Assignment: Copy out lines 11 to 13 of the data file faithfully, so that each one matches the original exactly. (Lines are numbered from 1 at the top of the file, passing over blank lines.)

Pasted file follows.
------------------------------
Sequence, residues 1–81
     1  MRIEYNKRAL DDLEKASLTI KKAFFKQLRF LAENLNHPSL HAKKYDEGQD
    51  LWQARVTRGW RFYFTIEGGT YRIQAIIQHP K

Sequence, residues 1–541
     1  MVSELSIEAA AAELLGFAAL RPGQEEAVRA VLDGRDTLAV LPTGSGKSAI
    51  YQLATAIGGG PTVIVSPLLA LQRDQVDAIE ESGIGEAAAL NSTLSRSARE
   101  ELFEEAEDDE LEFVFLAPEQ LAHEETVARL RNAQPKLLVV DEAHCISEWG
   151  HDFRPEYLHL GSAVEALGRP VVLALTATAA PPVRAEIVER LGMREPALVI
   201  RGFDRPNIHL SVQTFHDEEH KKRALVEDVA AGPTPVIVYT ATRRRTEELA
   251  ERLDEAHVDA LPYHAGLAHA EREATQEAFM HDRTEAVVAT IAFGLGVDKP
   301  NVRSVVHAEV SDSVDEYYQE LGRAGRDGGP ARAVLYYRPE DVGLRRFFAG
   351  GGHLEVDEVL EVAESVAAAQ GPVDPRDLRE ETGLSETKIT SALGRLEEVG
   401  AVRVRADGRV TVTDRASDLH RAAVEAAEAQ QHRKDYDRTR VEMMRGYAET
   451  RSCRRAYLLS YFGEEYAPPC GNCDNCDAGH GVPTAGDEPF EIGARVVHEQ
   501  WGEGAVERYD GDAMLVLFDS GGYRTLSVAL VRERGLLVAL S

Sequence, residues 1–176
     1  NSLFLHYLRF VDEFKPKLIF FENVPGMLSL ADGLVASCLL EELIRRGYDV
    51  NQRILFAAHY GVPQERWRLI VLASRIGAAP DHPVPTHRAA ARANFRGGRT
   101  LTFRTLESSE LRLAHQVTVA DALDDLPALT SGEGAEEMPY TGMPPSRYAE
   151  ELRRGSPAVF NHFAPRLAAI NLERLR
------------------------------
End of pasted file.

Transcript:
   301  NVRSVVHAEV SDSVDEYYQE LGRAGRDGGP ARAVLYYRPE DVGLRRFFAG
   351  GGHLEVDEVL EVAESVAAAQ GPVDPRDLRE ETGLSETKIT SALGRLEEVG
   401  AVRVRADGRV TVTDRASDLH RAAVEAAEAQ QHRKDYDRTR VEMMRGYAET